The tax assessor’s acknowledgement Monday that one part of the county needs to be reviewed suggests that some or all of the rest of the county should be too. That may become a partisan fight, but even Democrat Jennifer Roberts, the former commissioners chairman, agreed on that point in January.

"We need to take into account that other neighborhoods in the county have brought forward individual concerns similar to these," Roberts wrote in an email to commissioners and staff. "If we decide to alter the process in any way for any neighborhood – if it is legal or possible – we need to alter the process for all out of fairness."

While they’re looking at that, commissioners should better explain why the effect of foreclosures was included in some parts of town but not others.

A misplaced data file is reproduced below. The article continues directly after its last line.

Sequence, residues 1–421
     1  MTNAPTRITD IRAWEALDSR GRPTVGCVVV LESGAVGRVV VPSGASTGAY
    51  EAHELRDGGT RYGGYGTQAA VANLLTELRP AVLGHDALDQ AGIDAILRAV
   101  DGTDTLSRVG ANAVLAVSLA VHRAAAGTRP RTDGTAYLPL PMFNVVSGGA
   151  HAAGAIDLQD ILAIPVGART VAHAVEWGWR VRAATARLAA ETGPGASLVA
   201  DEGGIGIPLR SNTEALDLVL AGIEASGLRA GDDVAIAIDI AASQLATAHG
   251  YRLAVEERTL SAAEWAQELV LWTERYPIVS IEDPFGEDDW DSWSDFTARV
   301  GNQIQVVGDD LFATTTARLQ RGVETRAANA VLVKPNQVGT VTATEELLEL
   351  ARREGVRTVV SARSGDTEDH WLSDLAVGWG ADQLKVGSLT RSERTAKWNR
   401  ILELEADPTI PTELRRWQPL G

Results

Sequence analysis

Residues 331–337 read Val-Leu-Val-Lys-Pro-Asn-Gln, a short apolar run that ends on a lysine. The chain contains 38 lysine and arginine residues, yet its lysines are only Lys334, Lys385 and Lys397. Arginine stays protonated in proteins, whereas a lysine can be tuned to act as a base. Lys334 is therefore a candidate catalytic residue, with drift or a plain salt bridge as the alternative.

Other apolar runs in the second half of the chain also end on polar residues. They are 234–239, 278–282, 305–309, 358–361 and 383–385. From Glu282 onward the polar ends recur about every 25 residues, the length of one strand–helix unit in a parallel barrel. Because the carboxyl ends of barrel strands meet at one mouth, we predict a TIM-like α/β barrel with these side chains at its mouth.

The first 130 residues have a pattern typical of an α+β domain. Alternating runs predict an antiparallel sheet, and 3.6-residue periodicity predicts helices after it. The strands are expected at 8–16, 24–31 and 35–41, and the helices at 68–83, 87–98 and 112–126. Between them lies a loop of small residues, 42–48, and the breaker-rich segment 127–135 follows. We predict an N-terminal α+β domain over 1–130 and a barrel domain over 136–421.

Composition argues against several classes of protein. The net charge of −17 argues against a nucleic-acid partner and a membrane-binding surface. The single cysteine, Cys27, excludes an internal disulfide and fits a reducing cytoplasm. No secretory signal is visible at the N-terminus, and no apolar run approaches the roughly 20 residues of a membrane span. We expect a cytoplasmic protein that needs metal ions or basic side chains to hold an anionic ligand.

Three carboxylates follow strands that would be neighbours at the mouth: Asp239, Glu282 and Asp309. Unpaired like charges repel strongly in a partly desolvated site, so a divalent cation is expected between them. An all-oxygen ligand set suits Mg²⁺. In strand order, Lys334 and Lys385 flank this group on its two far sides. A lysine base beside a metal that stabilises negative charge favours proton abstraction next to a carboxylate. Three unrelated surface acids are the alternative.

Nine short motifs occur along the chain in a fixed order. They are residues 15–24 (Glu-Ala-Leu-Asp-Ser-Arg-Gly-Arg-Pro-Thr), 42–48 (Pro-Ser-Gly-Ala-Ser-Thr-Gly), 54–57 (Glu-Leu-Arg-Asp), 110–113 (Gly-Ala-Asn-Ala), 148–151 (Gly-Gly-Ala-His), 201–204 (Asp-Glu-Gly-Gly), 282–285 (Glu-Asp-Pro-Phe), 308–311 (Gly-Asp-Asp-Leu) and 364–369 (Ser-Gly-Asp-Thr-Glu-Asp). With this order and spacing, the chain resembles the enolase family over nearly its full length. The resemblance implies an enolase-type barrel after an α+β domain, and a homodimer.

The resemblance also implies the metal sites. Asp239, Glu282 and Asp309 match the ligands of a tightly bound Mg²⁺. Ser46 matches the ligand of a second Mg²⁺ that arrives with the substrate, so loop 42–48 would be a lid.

The tax assessor’s office probably did the best it could in setting values in an unstable market. And the Board of Equalization and Review has been working long hours sorting through appeals.

But the values were clearly set indefensibly high for thousands of homeowners. And while Alexander’s office held public meetings leading up to the revaluation, clear explanations for rejecting appeals have been as common lately as eager homebuyers with good credit.

We’ve said before that revaluation, done right, is not about raising taxes. It’s about assigning the tax burden fairly, so you don’t pay taxes on a value that is higher or lower than you deserve. Residents’ faith in that premise has taken a hit, and commissioners and Alexander should do all they can to restore it.

Posted by the Observer editorial board


Anonymous said...